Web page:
As EEs, you apply the latest technologies and see fast results. Compare this to civil engineering. Started in 1965, the New Orleans levee project was still under construction when Katrina hit this month. Imagine working on the same electronics project for 40 years.
Granted, the science of civil engineering doesn't move at the pace of electronics. But civil engineering hasn't stood still over the course of four decades either. Even the New Orleans geography has morphed, with lots of new construction abutting the levees and silt-deprived land sinking further below sea level. Some coastal areas have dropped as much as two feet since they were surveyed at the start of the project.
By today's standards, the computational models underlying the levee plan gave a coarse, one-dimensional approximation of hurricane forces. The original projections calculated water build-up against a constant wind velocity and then applied wind-speed data from storms that had hit between 1915 and 1947. None of those storms was stronger than a Category 3.
Today, supercomputer-driven programs such as the AdCirc program at University of North Carolina's Institute of Marine Sciences account for such factors as ocean circulation and underwater geography. Then they create 2D storm models that let researchers look at hurricane simulations based on more than a million geographic nodes.
The U.S. Army Corps of Engineers has worked with the AdCirc computer programs over the last decade to model New Orleans storm surges and assess the need to rebuild the levees to withstand Category 4 and 5 storms, according to a 2003 Civil Engineering magazine report. An alternative plan would create an immense storm wall between Lake Pontchartrain and the gulf. According to the article, in a Category 4 or 5 storm, "close to 400,000 people could be stranded in the city. There are an estimated 100,000 people without easy access to automobiles, and those who can drive may not be able to do so."
Louisiana State University models showed that a Category 4 storm hitting New Orleans would cause Pontchartrain's level to rise by 12 feet and top the embankments and fill streets to a depth of 25 feet or more. LSU's Joseph Suhayda suggested back in the 1980s that the city could build a "community haven" by constructing a 30-foot wall and floodgates through the center of town to protect the center of the city, taking advantage of existing Mississippi River levees to form three sides of a waterproof ring.
While upgrading the levee system would take another three decades or longer, the current levee system could be improved via electronic monitoring. If stress monitoring systems had been in place, the Corps could have focused on reinforcing the weakest portions of the levee before they were breached by the storm surges on Lake Pontchartrain.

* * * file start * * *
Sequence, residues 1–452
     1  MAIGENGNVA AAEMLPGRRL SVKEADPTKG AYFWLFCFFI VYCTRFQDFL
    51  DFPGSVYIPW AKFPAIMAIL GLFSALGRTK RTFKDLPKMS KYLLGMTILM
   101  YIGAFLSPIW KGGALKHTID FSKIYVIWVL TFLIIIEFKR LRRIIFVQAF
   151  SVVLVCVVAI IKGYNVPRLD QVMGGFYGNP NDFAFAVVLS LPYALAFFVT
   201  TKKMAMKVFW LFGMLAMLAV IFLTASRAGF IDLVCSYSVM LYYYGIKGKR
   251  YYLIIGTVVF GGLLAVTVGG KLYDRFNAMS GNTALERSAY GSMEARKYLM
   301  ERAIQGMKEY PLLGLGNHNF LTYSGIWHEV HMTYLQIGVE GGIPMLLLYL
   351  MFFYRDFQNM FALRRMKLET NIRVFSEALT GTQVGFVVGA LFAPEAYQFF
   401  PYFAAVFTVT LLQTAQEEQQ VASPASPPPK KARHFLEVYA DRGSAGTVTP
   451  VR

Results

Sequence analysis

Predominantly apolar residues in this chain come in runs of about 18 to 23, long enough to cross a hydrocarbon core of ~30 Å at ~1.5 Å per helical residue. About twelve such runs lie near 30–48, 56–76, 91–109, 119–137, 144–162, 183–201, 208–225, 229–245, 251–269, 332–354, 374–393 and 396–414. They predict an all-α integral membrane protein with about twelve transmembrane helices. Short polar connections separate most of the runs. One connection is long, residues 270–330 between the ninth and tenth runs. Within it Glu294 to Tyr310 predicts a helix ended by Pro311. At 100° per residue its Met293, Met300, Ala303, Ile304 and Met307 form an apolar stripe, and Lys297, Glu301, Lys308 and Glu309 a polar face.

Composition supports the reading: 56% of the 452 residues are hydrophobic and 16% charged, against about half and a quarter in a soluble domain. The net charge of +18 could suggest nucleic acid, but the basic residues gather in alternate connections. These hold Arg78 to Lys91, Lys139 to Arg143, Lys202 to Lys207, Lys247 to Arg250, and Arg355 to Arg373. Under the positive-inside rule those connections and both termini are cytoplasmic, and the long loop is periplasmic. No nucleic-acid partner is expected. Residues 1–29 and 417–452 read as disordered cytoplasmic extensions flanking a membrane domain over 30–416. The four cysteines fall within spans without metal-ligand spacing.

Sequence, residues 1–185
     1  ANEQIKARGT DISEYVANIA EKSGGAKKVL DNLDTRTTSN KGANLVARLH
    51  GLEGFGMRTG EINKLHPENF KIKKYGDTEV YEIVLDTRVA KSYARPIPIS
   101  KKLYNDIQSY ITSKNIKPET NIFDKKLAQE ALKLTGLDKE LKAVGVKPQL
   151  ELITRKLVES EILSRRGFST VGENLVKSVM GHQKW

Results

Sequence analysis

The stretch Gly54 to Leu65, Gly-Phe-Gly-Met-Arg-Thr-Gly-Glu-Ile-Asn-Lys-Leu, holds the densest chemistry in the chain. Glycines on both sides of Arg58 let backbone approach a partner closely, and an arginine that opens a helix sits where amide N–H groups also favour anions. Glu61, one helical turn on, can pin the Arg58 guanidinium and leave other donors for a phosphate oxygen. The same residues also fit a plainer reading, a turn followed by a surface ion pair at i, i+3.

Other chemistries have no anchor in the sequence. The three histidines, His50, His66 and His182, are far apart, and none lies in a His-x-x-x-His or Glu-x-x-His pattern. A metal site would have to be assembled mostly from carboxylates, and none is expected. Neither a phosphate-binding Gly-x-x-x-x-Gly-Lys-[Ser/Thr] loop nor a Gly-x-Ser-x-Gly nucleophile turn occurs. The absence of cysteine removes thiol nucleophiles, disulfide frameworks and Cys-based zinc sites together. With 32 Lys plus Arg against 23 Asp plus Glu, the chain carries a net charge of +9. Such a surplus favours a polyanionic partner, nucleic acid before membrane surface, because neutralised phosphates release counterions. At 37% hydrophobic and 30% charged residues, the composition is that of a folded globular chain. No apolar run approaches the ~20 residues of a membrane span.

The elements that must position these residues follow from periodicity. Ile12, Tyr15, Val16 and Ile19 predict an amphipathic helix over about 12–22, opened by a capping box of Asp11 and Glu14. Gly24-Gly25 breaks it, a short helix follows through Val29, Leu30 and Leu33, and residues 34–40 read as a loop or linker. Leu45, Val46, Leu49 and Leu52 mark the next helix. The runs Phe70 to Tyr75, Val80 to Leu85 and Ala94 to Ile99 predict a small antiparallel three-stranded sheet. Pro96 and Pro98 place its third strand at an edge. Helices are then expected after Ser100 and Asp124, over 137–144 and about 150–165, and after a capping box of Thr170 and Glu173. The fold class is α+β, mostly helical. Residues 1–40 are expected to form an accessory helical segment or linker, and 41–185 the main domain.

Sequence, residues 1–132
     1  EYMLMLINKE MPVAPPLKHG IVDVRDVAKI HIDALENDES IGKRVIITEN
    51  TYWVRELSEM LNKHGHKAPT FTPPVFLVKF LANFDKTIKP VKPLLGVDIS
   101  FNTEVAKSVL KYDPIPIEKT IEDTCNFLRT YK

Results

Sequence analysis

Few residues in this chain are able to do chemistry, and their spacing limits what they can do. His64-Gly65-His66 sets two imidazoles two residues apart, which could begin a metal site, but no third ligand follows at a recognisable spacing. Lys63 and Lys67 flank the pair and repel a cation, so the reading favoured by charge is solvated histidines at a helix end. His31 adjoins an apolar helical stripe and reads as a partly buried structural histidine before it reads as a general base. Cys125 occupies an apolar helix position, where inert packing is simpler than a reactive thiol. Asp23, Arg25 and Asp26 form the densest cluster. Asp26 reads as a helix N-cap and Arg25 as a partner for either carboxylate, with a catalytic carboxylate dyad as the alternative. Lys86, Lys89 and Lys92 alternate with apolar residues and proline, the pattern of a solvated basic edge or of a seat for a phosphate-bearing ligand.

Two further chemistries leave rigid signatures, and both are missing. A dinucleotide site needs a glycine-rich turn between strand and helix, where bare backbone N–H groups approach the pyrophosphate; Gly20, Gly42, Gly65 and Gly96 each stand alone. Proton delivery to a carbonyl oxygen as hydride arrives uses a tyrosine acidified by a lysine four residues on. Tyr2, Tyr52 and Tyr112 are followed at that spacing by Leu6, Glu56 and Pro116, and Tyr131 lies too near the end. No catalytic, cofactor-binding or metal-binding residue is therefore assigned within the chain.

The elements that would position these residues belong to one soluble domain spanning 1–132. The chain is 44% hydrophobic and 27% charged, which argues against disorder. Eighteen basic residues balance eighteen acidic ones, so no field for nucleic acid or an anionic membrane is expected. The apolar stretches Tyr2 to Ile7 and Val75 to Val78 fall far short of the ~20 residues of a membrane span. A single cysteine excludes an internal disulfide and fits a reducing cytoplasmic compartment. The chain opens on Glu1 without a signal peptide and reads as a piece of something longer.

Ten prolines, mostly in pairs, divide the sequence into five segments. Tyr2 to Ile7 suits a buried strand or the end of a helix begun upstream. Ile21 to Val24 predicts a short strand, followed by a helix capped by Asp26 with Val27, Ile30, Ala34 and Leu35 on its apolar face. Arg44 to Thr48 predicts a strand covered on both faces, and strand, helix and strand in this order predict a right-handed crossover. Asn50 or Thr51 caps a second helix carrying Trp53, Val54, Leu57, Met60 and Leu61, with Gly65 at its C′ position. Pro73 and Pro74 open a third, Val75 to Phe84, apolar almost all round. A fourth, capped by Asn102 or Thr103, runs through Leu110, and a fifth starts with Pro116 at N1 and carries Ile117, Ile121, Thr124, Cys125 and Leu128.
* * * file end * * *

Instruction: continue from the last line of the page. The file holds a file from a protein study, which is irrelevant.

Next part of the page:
Kane GeoTech designs and installs instrumentation systems to detect rate and direction of ground movement and slope failures. I spoke with company founder William Kane about time domain reflectometry (TDR), a technique that puts coaxial cable under the soil, then uses electromagnetic pulses to measure cable deformation, corresponding to movement of the surrounding rock or soil (see the figure). "With TDR, sensor cable could be put in when rebuilding damaged levees, and the cost for a monitoring system would be negligible," says Kane. The system also can use IP-addressable modems for system communications via the Internet.
Kane cites the work his company is doing in California. A Kane installation serves the North County Transit District in San Diego County, where railroad tracks run along coastal cliffs. The system runs cables horizontally, along the length of the tracks. The cables are pulsed every four minutes. Movement in the cables can trigger two levels of alarm. The higher level sends signals to a central paging system that alerts railroad personnel to check out the location.
The system can measure very small movements in the lab. In the field, it picks up movement of about 0.25 in. The movement causes a spike in the trace of the cable signature. The spike will continue to grow until the cable breaks after about six or eight inches of movement.
Kane's company works with instruments from Campbell Scientific. Principal TDR installation components include Campbell's CSI datalogger, the TDR100 Reflectometer, SDMx50-series coaxial multiplexers, interconnecting cabling, and TDR probes. The TDR 100 generates the short-rise-time electromagnetic pulse that's applied to the coaxial cable. The onboard processor interprets the elapsed travel time and pulse reflection amplitude to determine movement.
According to Kane, a New Orleans monitor system also would likely include piezometer instrumentation to measure water pressure near the levee, correlating areas of high water pressure with potential failures in the levee. These sorts of electronic tools should be incorporated during the repair process, bringing New Orleans' protective systems into the 21st century. Careful monitoring and maintenance of the current defenses can add strength in the near term, while longterm rebuilding continues.